Not So Much of a Scrooge After All

I like to think of myself as being just as much of a bitter, cynical New Yorker as the rest. I have been told by more than a few people that I have a don’t-fuck-with-me walk and glare that rivals the best of them. However, I have felt myself softening lately. Don’t get me wrong, I still throw death glares at people who shove me or jump in front of me while getting on a crowded subway, but my hardened edges have begun to blur a little in the last few weeks. I find myself holding doors open for people, smiling at others, helping old ladies get stuff from the top shelf at the grocery store, and slowing down a little.

I can’t say that I hadn’t begun to notice this shift, but I had been wary of acknowledging what was really going on until the other day. To be perfectly honest, I was trying to chalk it up to the holiday season that has descended like a hawk upon the city. I was rushing off to an appointment after work when I heard violin music wafting down the underground tunnel I was racing through. I started to slow as the music got louder and soon found myself face to face with a woman passionately playing Mozart on her violin. (Yes, I should be able to tell you exactly what she was playing, but the fact that I was able to at least identify it as Mozart should earn me some brownie points here.) Gathered in front of her was a small crowd of people. Even though I was late, I found myself slowing and pausing for a moment. I felt my face and my body soften. Here in one of the grossest places in a city that seems to get even more frantic as the holidays approach, was a moment of beauty and stillness. As I continued on my underground journey to the subway platform I felt a little less rushed, a little less cynical toward all the stupid tourists who got in my way while I was trying to get to the subway.

While on the subway, only minutes into my half hour ride, three men with drums entered the car and plunked themselves just feet from where I had managed to snag a seat. I immediately felt my blood begin to boil. I wanted a peaceful subway ride. I wanted to listen to the music coming from my headphones, not from the subway musicians sitting far too close and looking far too loud for comfort. A few beats in I quickly paused my iPod and found myself nodding my head and tapping my toes to the beat of the drums. I looked around and noticed that everyone else on the car was slowly starting to loosen up and let their bodies grove to the music. Smiles were being exchanged. I made eye contact with one of the drummers and we both smiled, sharing a moment suspended in the rhythmic drumming. Again, I felt myself soften. These guys were good, soulful, and genuine. As much as I hate subway musicians, I had to admit, I really liked these guys and I was thankful to have them entertain me on my subway ride.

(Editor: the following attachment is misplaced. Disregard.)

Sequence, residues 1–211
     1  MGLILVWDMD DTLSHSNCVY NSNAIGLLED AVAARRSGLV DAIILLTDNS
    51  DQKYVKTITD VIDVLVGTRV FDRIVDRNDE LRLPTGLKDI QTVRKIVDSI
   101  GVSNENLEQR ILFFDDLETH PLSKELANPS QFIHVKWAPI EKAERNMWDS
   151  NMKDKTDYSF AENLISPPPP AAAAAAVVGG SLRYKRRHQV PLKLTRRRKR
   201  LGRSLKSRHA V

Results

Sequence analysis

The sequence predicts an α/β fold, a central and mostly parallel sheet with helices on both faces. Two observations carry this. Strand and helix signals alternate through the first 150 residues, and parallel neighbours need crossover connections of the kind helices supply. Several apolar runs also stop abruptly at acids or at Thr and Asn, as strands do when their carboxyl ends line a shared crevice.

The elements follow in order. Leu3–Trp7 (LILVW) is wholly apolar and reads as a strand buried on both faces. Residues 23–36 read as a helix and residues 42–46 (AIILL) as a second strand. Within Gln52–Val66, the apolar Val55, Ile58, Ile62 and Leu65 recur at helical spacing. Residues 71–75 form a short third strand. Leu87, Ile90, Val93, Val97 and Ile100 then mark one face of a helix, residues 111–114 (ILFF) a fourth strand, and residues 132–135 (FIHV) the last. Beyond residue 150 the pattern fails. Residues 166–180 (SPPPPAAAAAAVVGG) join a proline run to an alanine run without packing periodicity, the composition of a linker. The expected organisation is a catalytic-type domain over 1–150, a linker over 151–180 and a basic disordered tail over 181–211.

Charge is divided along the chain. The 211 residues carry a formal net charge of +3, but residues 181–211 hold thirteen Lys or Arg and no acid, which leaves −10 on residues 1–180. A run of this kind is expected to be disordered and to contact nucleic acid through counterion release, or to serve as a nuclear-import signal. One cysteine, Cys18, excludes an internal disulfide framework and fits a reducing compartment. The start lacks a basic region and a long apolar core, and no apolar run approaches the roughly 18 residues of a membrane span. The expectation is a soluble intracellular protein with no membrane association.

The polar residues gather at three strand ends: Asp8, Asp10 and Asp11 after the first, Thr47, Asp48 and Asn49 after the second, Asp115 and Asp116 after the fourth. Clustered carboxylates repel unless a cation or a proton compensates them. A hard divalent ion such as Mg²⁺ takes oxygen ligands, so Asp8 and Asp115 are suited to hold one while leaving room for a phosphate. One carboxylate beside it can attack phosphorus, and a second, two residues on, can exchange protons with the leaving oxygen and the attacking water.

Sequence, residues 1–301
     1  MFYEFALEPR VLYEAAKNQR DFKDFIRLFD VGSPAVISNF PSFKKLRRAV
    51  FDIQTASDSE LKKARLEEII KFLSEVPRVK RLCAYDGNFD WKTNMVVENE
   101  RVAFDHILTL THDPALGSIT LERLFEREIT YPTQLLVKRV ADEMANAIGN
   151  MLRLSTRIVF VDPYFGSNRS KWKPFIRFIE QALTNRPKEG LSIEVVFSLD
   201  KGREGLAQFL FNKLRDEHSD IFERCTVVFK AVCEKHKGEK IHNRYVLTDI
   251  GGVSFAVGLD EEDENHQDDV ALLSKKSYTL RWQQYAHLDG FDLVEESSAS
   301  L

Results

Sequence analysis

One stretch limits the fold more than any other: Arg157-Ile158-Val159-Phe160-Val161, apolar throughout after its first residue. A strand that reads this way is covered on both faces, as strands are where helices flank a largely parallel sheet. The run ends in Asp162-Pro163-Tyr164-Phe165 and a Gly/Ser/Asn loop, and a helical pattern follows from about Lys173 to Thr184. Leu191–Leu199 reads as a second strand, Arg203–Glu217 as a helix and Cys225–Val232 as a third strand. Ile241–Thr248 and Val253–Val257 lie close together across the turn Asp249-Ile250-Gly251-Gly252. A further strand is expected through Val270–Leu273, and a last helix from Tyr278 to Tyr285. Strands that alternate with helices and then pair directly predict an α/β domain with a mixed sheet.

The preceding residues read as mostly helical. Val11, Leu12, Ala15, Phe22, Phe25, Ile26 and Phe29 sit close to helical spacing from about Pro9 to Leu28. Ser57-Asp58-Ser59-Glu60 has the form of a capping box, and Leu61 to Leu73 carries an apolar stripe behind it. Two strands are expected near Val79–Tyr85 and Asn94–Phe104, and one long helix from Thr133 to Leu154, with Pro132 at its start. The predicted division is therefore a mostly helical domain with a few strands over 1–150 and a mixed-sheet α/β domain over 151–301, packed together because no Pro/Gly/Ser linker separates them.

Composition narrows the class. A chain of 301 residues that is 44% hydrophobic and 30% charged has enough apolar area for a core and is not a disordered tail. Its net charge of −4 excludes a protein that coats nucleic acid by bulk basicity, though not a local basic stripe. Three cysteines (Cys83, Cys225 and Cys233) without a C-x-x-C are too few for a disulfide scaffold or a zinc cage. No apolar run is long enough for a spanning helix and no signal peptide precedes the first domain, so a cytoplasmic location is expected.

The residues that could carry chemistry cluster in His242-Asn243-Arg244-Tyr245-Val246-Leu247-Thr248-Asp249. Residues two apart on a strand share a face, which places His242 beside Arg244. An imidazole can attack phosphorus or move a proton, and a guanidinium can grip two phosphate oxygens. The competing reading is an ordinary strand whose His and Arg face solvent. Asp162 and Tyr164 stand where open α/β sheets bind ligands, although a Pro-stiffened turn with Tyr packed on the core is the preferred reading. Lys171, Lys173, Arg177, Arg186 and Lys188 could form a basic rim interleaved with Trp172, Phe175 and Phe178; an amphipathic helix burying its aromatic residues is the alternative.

I realized on this day of wanting to be a hardened New Yorker, and yet, not being able to keep my guard up, that perhaps this softening has more to do with me than the holiday season. While pushing, growling, snarling at others, and blocking out as much of your surroundings as possible seem to be a necessary survival techniques in a city that is as overcrowded and fast-paced as New York City, it doesn’t have to be that way. Sure, the ability to tune out comes in handy so that you don’t walk around over stimulated 24/7. Sure, the need to assert yourself is sometimes necessary if you have any prayer of getting on public transportation during rush hour. However, this does not have to translate into becoming hardened, unkind, or oblivious to what surrounds you. So while I am slowly coming to terms with the fact that I may be failing at becoming a stereotypical New Yorker, I may not be failing at becoming a more compassionate human being. I am not proposing New Yorkers start behaving like small town citizens who stop to say hello to every passerby and know all of their neighbors’ business, but I am proposing that the next time you feel like smiling, or holding the door open for someone, or helping the little old lady at the grocery store, or even tapping your toes to the subway musicians you let that hardened façade crack ever so slightly. It’s not as scary as it may seem.  And who knows…you may even be greeted with a smile in return. As Leonard Cohen said, “There is a crack in everything, that’s how the light gets in.”

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About djunapassman

I teach yoga, write, and edit. I live in a Brooklyn neighborhood that is changing faster than I can, or care to, keep up with. Manhattan still beckons me to her island a few subways stops away, reminding me of when I lived amongst her daily hustle and bustle.
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